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How to Track Online Consumer Activity in a Mobile World

Avatar of Pulse Marketing By Pulse Marketing

Online advertisers have traditionally relied on cookies – little pieces of code embedded on web browsers – to track users’ movement across multiple websites. With the current surge in mobile marketing technology, however, the cookie-based playing field is rapidly shrinking. To stay ahead of the game, online marketers need to focus less on how to find consumer information, and more on how to persuade consumers to share it.

Third-party cookies provide a wealth of information about consumer behavior, such as which web pages they visit, what they’re looking for, and when they’re most receptive to a sales pitch – all of which helps marketers build audience profiles and better target their ads to users’ preferences. Unfortunately, as consumers go mobile in more varied ways, cookie-based information is getting trickier to obtain, and less dependable to measure.

The challenge: cookie-based marketing in a mobile world

Cookie-based marketing worked well when most consumers browsed the internet on laptops or PCs. Now, however, with 55% of online retail activity occurring through mobile devices (comScore), it’s becoming harder for advertisers to track consumer behavior across increasingly diverse channels. Many mobile devices and apps simply don’t support cookies, or, like smartphones and tablets, only allow them limited function. That’s not to say that cookies don’t work on mobile devices – they do, in some cases – but because of the functional variance between devices, the data is often incomplete, inconsistent, or unreliable.

To add to the confusion, web browsers have begun to put their own restrictions on cookie-based advertising. Some, like Mozilla Firefox, have installed tools that allow users to block cookies for better privacy. Other companies, like Google and Microsoft, are working on disabling cookies altogether, and instead developing their own versions of tracking tools. Meanwhile, a few social media platforms like Facebook have also implemented new (and controversial) policies to track user data without cookies.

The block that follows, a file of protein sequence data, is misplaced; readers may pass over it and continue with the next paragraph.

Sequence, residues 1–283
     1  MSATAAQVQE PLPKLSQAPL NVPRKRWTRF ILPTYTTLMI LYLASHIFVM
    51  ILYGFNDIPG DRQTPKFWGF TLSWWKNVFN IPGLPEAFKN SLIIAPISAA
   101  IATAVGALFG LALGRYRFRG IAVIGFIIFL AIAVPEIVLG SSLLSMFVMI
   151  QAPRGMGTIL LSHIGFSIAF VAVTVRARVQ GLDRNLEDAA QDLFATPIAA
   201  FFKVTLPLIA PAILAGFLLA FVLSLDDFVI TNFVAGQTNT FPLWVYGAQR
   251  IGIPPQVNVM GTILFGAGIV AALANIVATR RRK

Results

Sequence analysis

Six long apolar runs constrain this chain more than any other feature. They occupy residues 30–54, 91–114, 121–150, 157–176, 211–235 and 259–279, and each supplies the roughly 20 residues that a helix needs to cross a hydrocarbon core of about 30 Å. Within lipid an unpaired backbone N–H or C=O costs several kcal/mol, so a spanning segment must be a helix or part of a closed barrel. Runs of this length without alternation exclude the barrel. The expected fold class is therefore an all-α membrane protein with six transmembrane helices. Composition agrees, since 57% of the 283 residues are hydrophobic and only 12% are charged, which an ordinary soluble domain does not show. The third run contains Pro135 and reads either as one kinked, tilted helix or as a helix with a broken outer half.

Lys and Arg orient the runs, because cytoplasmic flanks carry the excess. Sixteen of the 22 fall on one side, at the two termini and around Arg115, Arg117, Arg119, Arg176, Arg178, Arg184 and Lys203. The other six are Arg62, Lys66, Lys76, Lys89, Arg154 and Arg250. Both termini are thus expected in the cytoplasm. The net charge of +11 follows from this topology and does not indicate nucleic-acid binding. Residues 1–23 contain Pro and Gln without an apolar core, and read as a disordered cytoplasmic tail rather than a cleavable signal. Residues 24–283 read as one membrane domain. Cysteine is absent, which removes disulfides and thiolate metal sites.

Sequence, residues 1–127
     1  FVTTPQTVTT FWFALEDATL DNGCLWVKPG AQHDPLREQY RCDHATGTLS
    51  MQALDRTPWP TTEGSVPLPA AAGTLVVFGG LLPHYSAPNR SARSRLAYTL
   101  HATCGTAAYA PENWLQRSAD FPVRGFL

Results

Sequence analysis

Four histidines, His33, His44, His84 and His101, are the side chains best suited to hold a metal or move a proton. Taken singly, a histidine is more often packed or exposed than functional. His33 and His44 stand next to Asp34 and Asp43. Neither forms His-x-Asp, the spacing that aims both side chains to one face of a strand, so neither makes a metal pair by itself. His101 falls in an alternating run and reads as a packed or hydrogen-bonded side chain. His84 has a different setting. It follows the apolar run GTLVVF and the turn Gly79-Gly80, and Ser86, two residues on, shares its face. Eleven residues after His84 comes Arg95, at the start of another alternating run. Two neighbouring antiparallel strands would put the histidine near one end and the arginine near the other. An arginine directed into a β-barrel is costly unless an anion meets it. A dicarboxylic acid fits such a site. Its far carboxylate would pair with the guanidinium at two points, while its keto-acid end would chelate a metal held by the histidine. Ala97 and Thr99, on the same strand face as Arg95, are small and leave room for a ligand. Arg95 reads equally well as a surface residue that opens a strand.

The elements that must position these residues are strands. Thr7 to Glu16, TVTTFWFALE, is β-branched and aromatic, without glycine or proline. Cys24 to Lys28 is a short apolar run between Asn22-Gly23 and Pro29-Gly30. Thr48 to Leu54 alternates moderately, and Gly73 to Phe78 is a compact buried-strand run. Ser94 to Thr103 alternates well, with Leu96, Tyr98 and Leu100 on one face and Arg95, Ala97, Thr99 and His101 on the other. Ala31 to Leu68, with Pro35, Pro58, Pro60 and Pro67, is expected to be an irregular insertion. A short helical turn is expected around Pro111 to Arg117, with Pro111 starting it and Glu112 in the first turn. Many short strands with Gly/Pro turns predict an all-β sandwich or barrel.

The trend is pretty clear across the board: cookie-based marketing is on the way out. The good news is, breaking out of the cookie jar might be as simple as asking consumers for an introduction.

The solution: tracking mobile users through authentication

How many times have you typed in a username and password to make a purchase, pay a bill, read a newsletter, or send an email? In the absence of cookies, authentication – user validation – can be an equally powerful tracking tool.  Fewer online companies rely on third-party cookies these days because users already sign in to access their services or activate new ones (new Android users, for example, can log into their Google accounts to set up a new device). With this voluntary information, websites can identify and track audiences who are already more receptive to their marketing message. The challenge, however, is to make users want to sign in (or sign up) and share that information. Here are a few suggestions:

  • Pay close attention to content. Consumers won’t share information without a valid return. Mobile marketing content needs to be clear about exactly what users will get by signing in (or signing up), and also emphasize the real, relevant value of whatever is being offered.
  • Strive for visibility. A brilliant message will go nowhere if consumers never see it. Make sure your business shows up in directories, review pages, map services, and other places mobile users will be looking – especially for local searches.
  • Get back to permission-based marketing. Consumers will engage more readily with your business if it’s easy to do so – and if they’re given the choice. Provide ample opportunities for consumers to opt in to receive marketing content, ads, or special promotions.

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